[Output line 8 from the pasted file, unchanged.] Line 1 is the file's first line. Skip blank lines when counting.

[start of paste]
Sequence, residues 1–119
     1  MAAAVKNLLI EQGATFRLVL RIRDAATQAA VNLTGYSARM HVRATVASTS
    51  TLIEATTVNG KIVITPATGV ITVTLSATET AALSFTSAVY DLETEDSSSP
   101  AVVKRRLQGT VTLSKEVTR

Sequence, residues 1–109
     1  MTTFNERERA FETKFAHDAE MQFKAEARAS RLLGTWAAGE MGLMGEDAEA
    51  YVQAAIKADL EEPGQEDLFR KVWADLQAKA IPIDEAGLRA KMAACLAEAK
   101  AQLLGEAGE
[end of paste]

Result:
   101  AQLLGEAGE